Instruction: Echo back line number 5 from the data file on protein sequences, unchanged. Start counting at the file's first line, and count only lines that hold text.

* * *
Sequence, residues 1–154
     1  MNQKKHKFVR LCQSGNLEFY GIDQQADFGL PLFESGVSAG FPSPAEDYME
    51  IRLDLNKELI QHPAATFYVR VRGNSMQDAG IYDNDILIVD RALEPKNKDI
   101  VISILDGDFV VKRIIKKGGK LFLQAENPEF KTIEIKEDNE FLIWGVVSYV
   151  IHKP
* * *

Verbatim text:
   151  IHKP